The Words of the Tsvangirai Family
Prime Minister Tsvangirai giving his presentation, on February 23, 2013 in Seoul.
In 2010 and 2011, FFWPU-Zimbabwe received donations of As a Peace-Loving Global Citizen, which National Leader lyolangomo and other members distributed to government and academic figures. At least in part, the Zimbabwean premier attended UPF World Summit 2013 as a result of having read True Father's autobiography.
The occasion offers me an opportunity to share our people's reflections, insights and, o tender, our recommendations to the global stage on the critical issues we face as a nation, and as a region within our family of nations. To us in Africa, in particular southern Africa, the end of the cold war exposed deep institutional weaknesses that posed serious dangers to the development of a democratic culture, policy cohesion, national development and sustainable peace.
These limitations often made it impossible to address fundamental imperatives for security and national development through integrated policies and programs.
While we accept that past historical practices blurred the creation of a compelling national vision and were unkind to broad-based democratic aspirations, equally culpable were our founding generations who seemed so overwhelmed by parochial demands that they failed to move out of the box in order to chart new paths for development.
It remains an important milestone of humanity that the people registered tremendous gains by attaining freedom and independence from colonialism. But the numerous challenges our young nations faced at the time made it difficult for them to cast away the contagion of the past.
As a result, the cross-cutting and overlapping agenda for lasting peace and sustainable development as a mechanism for conflict prevention, conflict management and post-conflict reconstruction was never accorded the necessary space in a fast-changing world order, leading to Afro-pessimism; despondency and despair; and a loss in hope for much of Africa.
Today a comprehensive normative framework, born out of the appreciation of the centrality of extended freedom and the need for open societies, has begun to take shape, making human security a major factor of stability, economic growth and good governance.
In Sup nim in conversation with Prime Minister Tsvangirai at a special banquet True Mother hosted at the Cheon Jeong Peace Palace for special guests from UPF World Summit 2013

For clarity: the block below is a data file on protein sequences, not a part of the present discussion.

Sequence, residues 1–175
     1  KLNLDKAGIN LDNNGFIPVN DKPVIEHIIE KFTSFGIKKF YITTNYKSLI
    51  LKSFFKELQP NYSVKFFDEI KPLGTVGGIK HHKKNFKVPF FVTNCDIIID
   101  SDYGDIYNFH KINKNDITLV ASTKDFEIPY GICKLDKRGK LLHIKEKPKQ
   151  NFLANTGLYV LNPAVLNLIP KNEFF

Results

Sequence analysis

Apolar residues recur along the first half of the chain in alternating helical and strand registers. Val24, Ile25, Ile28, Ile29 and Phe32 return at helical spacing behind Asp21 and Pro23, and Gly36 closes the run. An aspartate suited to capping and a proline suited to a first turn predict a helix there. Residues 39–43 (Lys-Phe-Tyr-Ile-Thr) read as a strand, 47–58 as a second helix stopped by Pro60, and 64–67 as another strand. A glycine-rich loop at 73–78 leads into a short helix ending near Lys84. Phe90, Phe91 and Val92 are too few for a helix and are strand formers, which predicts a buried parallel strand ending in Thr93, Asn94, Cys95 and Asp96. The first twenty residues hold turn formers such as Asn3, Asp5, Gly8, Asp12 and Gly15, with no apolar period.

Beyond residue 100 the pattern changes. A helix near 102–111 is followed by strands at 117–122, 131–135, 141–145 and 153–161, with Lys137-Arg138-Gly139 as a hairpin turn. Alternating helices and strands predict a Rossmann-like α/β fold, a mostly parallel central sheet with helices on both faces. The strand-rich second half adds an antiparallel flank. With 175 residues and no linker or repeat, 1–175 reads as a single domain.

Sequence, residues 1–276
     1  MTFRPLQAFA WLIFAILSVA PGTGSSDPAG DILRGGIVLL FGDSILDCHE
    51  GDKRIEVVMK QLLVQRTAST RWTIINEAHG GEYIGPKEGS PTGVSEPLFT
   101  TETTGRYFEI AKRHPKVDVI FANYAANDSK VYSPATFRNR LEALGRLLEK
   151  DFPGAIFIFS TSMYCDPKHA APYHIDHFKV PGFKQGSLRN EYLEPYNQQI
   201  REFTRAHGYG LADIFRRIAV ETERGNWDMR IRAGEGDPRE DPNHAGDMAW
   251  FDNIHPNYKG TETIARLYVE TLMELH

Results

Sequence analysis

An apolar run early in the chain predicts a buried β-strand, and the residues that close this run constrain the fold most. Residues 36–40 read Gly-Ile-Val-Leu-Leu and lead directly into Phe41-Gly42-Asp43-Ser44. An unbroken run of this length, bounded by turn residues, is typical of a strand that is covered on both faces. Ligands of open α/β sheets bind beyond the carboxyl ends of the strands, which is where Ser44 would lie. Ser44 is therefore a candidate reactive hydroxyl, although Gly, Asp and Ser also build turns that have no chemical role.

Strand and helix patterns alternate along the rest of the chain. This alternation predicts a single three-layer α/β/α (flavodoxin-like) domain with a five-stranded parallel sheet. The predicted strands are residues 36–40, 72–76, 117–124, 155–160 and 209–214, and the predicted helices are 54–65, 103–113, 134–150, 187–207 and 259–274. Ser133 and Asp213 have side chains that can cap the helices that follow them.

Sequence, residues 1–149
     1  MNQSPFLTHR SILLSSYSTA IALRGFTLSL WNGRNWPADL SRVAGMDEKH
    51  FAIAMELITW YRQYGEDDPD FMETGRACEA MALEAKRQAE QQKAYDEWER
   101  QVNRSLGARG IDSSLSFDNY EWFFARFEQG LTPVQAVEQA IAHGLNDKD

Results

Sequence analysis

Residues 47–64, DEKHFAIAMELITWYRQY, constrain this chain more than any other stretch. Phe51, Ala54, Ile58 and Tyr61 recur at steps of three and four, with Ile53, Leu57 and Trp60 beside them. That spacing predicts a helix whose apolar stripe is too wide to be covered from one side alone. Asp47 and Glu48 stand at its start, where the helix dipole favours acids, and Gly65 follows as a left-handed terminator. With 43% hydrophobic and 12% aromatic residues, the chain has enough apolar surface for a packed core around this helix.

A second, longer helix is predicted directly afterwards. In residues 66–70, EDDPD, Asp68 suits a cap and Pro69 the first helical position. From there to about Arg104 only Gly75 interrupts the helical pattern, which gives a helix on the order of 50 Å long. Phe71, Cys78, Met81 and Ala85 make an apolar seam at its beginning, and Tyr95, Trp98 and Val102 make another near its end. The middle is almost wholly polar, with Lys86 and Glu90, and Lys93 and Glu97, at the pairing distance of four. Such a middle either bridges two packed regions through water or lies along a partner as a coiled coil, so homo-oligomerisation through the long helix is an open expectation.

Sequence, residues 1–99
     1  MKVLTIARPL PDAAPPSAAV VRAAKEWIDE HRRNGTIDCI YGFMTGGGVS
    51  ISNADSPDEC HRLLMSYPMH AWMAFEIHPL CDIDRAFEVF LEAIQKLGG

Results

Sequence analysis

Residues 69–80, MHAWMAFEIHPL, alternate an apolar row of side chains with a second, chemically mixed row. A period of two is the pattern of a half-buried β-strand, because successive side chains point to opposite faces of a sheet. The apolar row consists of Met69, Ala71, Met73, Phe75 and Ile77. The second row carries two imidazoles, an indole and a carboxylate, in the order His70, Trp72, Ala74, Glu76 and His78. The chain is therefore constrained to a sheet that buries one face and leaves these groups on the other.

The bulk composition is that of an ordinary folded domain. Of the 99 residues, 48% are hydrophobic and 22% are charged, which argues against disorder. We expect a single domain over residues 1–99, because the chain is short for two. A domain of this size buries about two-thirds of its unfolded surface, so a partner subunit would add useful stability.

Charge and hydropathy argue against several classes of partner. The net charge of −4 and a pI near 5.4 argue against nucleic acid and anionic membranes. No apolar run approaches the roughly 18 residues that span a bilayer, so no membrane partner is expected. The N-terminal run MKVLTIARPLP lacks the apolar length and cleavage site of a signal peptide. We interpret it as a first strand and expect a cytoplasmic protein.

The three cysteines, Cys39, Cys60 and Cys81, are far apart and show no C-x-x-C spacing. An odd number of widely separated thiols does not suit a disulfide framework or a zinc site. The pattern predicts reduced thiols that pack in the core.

More than thirty African states -- from Cape to Cairo; Mombasa to Monrovia -- have embraced a new thinking that puts people first in their national agenda. These countries, under the guidance of young leaders, are steering the continent toward a positive era of Afro-optimism.
There is a realization of the continent's potential for growth underpinned by a dormant resource base which when fully exploited can easily shift the economic power balance in Africa's favor.
Further, it is beyond doubt that constitutionalism -- in particular the sanctity of the rule of law -- is fast gaining currency as the basic benchmark for an emerging value system in all normal societies. Military interference in politics is no longer celebrated. The political terror scale and all motivations for violence are fast losing their place as the people redefine their priorities and embrace new cultures.
What this means is that Africa, drawing from the lessons of the past, is undergoing a major political metamorphosis meant to propel the continent into a new epoch.
Demands for democratic culture are sweeping across the continent and opening this previously sleeping giant into a promising destination for business and leisure and a center for global attention.
In this transformative stage, Zimbabwe is among the most recent beneficiaries of the changing African mind-set, having negotiated itself, with the help of SADC (Southern African Development Community) and the African Union, out of a failed state status through radical policy interventions that saw the completion of a new draft constitution that is expected to redefine a new value system for the country. May I point out that in this new constitution, we have acknowledged the supremacy of the Almighty God, recognizing that we, as humans cannot do it by our own strength.
Today, a new constitution is currently up for public analysis and scrutiny. This charter, as a covenant, promises to open the way for a democratic election, leading to a new dispensation, in a new Zimbabwe.
I must emphasize that for the first time in our history, we fully recognized the role of women in our society. The charter, which identifies Zimbabwe as a noteworthy player among other nations, accepts gender equality and inclusive human security as necessary constitutional safety nets in line with universal norms and standards. Precarious Times for Zimbabwe
However, even with these tentative steps toward a new culture of constitutionalism, Zimbabwe is a country that is still at risk. As we approach another election period this year; we seek to put in place institutions, legislation, and mechanisms that will deal with the generic inhibitions of patriarchy and other negative social constructions that breed instability and can lead to violence. We are mindful of the fact that Zimbabwe's elections over the past decade have been marked by bloodshed, with women being the primary victims.
We believe our future political responses, in line with international best practice, shall grant us our space as a civilized player within the family of nations. We are desirous of laying the foundations through this new constitution of a "never again" mind-set.
Having avoided a total collapse of Zimbabwe, our priorities are clear. We must build strong institutions and other political "fire- walls" to circumvent a relapse.
2013 offers us, SADC and Africa a defining moment for Zimbabwe. We must accept the imperative and manage the final stretch with care and maturity in order to insulate our people from decades of political uncertainty.